There is no doubt that most of us have become hooked on our electronic devices and that some people are gravely harmed by what develops into an unhealthy and uncontrollable attachment to them. The question is how best to understand, define, and deal with this. What does the term “addiction” mean and when is it a useful way of describing our passions and needs? We don’t consider ourselves addicted to our cars, TV’s, refrigerators, or air conditioners. Is attachment to the Internet fundamentally different?"
The whole concept of behavioral addictions is highly controversial and has never heretofore been given any official status. There is a good reason for this. It is extremely difficult to distinguish the relatively few people who are really enslaved by shopping, sex, work, golf (or the Internet) from the huge army of those who are attached to these as pleasurable recreation. It should not be counted as a mental disorder and be called an “addiction” just because you really love an activity, get a lot of pleasure from it, and spend a lot of time doing it. To be considered “addicted,” you should be compulsively stuck doing something that is no longer fun, feels out of control, serves no useful purpose, and is certainly not worth the pain, costs, and harms. The unfavorable cost/benefit ratio should be pretty lopsided before mental disorder is considered.
We all do dumb things that offer short-term pleasures but cause bad long term consequences. It is not “addiction” whenever someone gets into trouble because of over-spending, golfing too much, or having repeated sexual indiscretions. That’s our human nature—derived from many millions of years of evolutionary experience where life was short, opportunities for pleasure rare, and the long term didn’t count for nearly as much as it does now. There is a risky slippery slope if we medicalize our pleasure seeking, irresponsible selves.
In 1970, Sister Mary Jucunda wrote to NASA scientist Dr. Stuhlinger about his research into a piloted mission to Mars asking him how he could suggest to spend money on such a project when there are children starving on Earth. Stuhlinger wrote back to her a thoughtful reply that’s worth reading, especially today.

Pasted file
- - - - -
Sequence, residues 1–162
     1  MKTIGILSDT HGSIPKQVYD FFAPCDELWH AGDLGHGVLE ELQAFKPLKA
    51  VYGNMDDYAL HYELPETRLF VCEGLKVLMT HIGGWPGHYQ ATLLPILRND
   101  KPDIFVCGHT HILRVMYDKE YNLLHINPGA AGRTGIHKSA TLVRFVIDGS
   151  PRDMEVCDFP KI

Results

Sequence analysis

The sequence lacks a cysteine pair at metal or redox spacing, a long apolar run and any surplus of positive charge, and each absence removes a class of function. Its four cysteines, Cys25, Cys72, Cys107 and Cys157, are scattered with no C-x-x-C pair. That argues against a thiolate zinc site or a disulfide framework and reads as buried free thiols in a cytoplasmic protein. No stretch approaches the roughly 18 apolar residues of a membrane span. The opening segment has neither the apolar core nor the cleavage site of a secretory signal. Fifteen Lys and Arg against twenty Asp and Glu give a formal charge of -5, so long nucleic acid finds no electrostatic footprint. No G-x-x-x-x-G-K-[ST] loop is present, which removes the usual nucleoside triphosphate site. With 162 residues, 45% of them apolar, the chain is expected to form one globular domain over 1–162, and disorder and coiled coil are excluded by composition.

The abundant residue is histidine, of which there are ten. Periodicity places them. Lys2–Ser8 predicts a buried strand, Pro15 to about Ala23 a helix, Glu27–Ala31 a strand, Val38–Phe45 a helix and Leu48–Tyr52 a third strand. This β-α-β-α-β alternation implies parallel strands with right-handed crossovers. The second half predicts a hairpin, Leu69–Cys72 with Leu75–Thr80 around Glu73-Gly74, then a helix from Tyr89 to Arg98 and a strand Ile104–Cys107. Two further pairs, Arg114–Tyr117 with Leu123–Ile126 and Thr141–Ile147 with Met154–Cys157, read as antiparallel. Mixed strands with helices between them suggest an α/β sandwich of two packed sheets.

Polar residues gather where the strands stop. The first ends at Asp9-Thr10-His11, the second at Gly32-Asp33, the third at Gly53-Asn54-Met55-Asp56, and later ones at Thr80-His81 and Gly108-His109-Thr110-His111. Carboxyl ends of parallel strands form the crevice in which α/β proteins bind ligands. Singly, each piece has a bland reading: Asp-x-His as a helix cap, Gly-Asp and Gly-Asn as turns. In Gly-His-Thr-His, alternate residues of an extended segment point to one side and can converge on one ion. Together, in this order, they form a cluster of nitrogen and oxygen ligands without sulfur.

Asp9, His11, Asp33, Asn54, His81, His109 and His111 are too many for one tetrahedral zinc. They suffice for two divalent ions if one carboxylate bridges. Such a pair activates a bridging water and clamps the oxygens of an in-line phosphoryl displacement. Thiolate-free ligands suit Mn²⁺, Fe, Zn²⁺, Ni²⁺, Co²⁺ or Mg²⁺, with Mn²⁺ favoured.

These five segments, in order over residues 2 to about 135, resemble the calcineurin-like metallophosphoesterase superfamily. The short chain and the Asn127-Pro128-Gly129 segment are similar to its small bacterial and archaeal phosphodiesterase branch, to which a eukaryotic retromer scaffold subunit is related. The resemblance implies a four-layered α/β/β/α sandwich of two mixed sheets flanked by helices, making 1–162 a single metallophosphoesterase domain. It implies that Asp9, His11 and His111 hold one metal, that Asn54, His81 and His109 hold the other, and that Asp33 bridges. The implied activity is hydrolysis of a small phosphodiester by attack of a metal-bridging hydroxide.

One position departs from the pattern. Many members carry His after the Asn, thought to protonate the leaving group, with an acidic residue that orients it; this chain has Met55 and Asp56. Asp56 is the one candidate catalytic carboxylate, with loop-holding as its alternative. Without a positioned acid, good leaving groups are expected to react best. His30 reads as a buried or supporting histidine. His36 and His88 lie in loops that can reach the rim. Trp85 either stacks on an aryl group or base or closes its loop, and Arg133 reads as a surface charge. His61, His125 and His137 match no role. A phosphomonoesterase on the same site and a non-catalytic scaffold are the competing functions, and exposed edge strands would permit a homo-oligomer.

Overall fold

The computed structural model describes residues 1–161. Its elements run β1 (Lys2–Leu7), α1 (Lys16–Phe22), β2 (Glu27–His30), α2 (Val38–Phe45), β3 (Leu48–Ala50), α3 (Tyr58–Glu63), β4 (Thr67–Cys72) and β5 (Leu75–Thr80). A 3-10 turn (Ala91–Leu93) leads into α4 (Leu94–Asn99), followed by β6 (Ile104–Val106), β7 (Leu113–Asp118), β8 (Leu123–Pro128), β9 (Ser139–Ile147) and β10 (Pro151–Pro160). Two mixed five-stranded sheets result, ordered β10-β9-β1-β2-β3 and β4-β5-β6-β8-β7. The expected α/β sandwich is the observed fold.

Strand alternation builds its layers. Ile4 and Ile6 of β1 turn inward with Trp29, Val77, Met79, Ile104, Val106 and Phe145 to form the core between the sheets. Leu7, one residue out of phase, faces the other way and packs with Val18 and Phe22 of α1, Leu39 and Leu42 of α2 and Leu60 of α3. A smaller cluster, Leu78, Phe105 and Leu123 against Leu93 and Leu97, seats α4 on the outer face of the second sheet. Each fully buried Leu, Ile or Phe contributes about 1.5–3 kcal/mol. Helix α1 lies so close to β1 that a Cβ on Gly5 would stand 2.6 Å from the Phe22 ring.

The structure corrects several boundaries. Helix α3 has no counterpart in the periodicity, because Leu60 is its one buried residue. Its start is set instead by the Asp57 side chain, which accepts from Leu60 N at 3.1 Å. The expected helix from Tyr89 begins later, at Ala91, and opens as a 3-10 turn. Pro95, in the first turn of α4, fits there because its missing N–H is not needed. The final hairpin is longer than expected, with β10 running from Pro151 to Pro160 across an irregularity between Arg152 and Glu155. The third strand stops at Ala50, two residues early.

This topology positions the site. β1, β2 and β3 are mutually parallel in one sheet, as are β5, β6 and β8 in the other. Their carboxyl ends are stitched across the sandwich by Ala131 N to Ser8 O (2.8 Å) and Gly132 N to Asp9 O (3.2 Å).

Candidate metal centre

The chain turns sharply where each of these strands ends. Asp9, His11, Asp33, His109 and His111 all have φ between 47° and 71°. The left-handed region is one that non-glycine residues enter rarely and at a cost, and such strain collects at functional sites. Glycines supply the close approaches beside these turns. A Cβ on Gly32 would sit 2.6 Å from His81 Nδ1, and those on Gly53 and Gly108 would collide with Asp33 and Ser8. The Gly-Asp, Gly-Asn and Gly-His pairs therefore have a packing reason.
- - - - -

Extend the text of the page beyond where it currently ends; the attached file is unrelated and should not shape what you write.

Comforting news for anyone over the age of 35, scientists have worked out that modern pop music really is louder and does all sound the same.
Imagine you decide to take a casual trip to Mexico, walking across the border for a day of shopping or even cheap dental care that’s not available in the United States. Upon your return, an officer from Customs and Border Protection directs you to a kiosk that looks like an ATM.
You’re instructed to press start and answer any question the machine asks. A cartoon-looking face, or avatar, appears onscreen and begins making queries in a polite, automated voice.
Are you carrying anything destructive in your bag? Has anyone given you contraband to bring into the United States? What should happen to someone who does smuggle contraband?
This Max Headroom interrogation sounds far-fetched, but just such an experiment is occurring on the border in Nogales, Ariz., using a variation of technology the Department of Homeland Security has been pursuing for years.
The avatar records the answers and forwards them to a tablet handled by one of the blue-uniformed officers. They see not just what you said but how you said it, along with a green, yellow or red “risk color,” based on your responses. Maybe you spoke faster, louder and with a higher pitch than normal for most people. Maybe you hesitated when you answered.
It’s sort of like a lie-detector test – except the government dislikes calling it that.
“We instruct the officers that nowhere is deception ever indicated,” says Aaron Elkins, a postdoctoral researcher at the University of Arizona involved with the project. “But it gives them some of that feedback, things they would have observed if they had done the interview themselves.”
For now, the kiosk is being tested with applicants seeking “trusted traveler” status; these are people who agree to a background check in exchange for avoiding long daily waits at the border.
But the future could hold something different: a cluster of high-tech monitoring devices, such as special infrared cameras and microphones, attached to the ATM-like machines. As you answer the avatar’s questions, the devices assess an array of physiological reactions, including body temperature, facial expressions, the tempo and frequency of your voice, breathing patterns and more.
The technology is part of a field of research known as “credibility assessment” that seeks to capture physiological cues we give off emotionally and cognitively: the facial temperature of someone carrying false papers, the anxious posturing of a drug courier, the racing heart of a would-be terrorist.
Recently we heard about this test that could determine if someone was a psychopath. So, naturally, our staff decided to take it.
The Psychopathy Checklist Revised is a psychodiagnostic tool designed by psychologist Robert Hare to assess psychopathy. The PCL-R asks questions designed to see if a person have the personality traits that scientists had consistently found in psychopaths. Here’s Hare’s list of traits of psychopaths:
- Glib and superficial charm;
- Grandiose self-worth;
- Need for stimulation or proneness to boredom;
- Pathological lying;
- Conning and manipulativeness;
- Lack of remorse or guilt;
- Shallow affect;
- Callousness and lack of empathy;
- Parasitic lifestyle;
- Poor behavioral controls;
- Promiscuous sexual behavior;
- Early behavior problems;
- Lack of realistic, long-term goals;
- Failure to accept responsibility for own actions;
- Many short-term marital relationships;
- Juvenile delinquency;
- Revocation of condition release;
- Criminal versatility.